Biofuels. That’s the wave of the future unless you recently read the Wall Street journal article about Japan announcing they would be gunning for an all-electric reality in 2030. This left the head of Toyota suggesting that this aggressive edict would overload the electric grid, which wasn’t designed for this level of power demand, and be the death of the car industry business model.
Nothing to fear because Formula 1 has taken a slower approach to the evolution of the car industry with its press for biofuels—currently at 5.75%—to the Everest levels of 10% by 2022. This is a big advancement and it dovetails into their continuance with the hybrid power unit model for 2022 onward.
The issue at hand is a desire to revolutionize the automotive industry but the the desire outpaces the technology and the limited imagination of current “visionaries” seems flummoxed by the very real notion that as a species, we are pretty good at creating energy but not so good at storing it and that’s the real challenge isn’t it? Not the act of storing energy but simply the act of admitting we aren’t that good at it yet.
The humility it takes to admit that storing energy is a very difficult thing and that we haven’t really mastered that feat is something I appreciate about F1 up to this point. They are being prudent in their desire to wade into the shallow end of the “future automobile power” pool instead of diving headlong into the deep end with this silly notion that only large city-dwelling folks are in need of transportation and they can live with the glory that is the Nissan Leaf.
Meanwhile the farmer with 3,000 acres of fields to plant and harvest every year finds the Nissan Leaf a difficult farm utensil and will continue to create energy on demand and maybe even tinker with a hybrid model using biofuels because the very thing they harvest may be in that biofuel and that’s commerce.
Formula 1 has taken a more measured approach to the power unit with their biofuel concept and now it seems that there is a discussion to slow that process down a tad lest they get ahead of themselves. You see this E10 fuels was originally slated for 2021 and with the COVID-19 impact, the technical regulations have been moved back but the biofuel issue remains.
It is also compounded by Red Bull’s desire to initiate an engine freeze so it can continue to use Honda’s racing engines for a year even though Honda has decided to retreat from the F1 battlefield—perhaps it has the pressure of Japan on its shoulders to figure out a EV solution in 8 years or else.
Red Bull can’t sink a fortune in evolving the existing Honda engine so a freeze would allow it to have the Honda engine, not overspend on trying to become an engine manufacturer while F1 heads to an all-new format in 2022.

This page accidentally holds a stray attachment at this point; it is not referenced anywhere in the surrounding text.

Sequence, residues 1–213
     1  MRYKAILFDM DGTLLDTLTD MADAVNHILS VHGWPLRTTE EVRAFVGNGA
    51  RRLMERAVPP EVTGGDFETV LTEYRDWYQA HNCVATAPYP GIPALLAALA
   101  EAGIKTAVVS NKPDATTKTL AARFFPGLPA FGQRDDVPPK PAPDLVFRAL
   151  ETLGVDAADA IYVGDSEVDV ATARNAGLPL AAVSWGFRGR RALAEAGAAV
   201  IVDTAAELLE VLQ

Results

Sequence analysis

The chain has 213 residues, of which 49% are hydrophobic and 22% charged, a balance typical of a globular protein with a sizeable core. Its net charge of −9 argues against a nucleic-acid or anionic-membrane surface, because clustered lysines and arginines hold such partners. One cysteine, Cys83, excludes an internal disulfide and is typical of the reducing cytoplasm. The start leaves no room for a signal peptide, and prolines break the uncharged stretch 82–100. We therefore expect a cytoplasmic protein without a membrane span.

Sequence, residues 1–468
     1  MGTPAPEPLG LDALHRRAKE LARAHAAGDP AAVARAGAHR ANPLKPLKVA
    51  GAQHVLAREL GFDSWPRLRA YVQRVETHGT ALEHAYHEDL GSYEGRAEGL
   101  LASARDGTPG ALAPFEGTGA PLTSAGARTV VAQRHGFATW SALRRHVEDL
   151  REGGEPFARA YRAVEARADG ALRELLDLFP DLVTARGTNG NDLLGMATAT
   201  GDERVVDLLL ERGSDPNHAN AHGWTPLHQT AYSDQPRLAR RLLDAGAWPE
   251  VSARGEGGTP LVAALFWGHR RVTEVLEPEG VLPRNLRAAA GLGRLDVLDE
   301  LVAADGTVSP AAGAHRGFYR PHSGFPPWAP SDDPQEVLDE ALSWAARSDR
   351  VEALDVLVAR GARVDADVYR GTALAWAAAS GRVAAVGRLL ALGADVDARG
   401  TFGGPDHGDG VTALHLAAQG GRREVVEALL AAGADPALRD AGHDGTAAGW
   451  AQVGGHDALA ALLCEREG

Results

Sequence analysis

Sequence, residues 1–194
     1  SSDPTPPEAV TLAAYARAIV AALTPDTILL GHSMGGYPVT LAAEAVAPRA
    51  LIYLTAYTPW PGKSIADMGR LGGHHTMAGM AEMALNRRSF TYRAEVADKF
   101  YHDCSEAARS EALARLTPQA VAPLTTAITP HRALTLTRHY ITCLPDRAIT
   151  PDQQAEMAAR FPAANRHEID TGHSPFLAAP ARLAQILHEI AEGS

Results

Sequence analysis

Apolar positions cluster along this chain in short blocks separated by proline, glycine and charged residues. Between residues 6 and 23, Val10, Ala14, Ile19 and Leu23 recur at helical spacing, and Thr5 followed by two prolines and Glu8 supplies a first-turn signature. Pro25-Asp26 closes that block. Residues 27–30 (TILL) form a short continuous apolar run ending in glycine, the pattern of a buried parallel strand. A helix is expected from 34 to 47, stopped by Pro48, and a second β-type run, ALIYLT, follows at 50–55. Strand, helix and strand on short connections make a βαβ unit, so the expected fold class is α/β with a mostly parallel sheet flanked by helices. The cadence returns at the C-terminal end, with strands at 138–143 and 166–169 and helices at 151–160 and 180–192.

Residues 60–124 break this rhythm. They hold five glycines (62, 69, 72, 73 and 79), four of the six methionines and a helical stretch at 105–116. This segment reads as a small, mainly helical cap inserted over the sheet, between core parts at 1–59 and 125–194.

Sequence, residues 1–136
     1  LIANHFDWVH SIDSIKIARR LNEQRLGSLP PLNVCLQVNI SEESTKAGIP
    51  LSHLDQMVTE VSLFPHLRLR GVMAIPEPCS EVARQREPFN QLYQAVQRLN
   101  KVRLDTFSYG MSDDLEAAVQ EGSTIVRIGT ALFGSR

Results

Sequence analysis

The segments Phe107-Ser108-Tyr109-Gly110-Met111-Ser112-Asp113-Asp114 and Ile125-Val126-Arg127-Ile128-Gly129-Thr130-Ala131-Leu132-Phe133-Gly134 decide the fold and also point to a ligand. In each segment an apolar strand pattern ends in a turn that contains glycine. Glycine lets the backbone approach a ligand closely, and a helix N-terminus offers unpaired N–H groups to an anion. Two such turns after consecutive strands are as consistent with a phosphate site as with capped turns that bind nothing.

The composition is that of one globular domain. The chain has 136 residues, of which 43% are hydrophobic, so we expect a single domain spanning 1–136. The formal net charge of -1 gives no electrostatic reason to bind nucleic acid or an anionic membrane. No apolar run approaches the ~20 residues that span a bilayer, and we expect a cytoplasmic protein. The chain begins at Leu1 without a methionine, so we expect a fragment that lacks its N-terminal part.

In my mind, demanding the existing engine converts to E10 for a year is an expense Red Bull most likely wouldn’t want although Mercedes is completely fine with it.
“My preference would be probably not to do the E10 fuel,” Horner said.
“It’s a development direct requirement for 2022, and [we’d prefer to] just bring in a completely sustainable core fuel with a new engine [instead of] going another 5% on the E10 for the current fuel.
“I’m not sure it’s a huge message, whereas 2026 – which may become 2025 – is if it’s a fully-sustainable fuel.
“There will be consequences to introducing that fuel and that consequence obviously is inevitably costly.”
The challenge compounds as F1 would like to move to 100% sustainable fuels in 2025 and as you can imagine, that means cost and that’s going to be challenging for a series that has only three engine manufacturers at the moment.
If Renault or Mercedes decide to leave and the regulation specify a very complex hybrid engine using 100% sustainable fuels, I wonder how quickly they could find a replacement manufacturer and would any Japanese company be willing since their nation has them pinned to the wall over a EV future in eight years?
Tough times, tough decisions.
I would love to hear what someone would say about a switch to 100% methanol. The technology is already there–Indy used M100 for decades. And there’s reports of M100 having about an 80% reduction in hydrocarbons vs. using gasoline.
Even further, companies such as CRI have started to explore carbon-neutral methods of producing methanol. Why is this not discussed with regard to F1 future tech?
Good point, I haven’t read anything on that debate. Not to say they haven’t discussed it at length, I just haven’t seen anything on it personally.
I believe that though it has a higher octane rating than regular pump fuel it doesn’t burn that well and you need to carry more fuel. Also once burned the by products are more corrosive to parts, plus it’s quite toxic. If they went this route they’d need to allow far more engine part changes per season which adds more expense ( so they claim, though if you could fully replace an engine every race wouldn’t it be possible to make more less perfect less resilient engines cheaper?)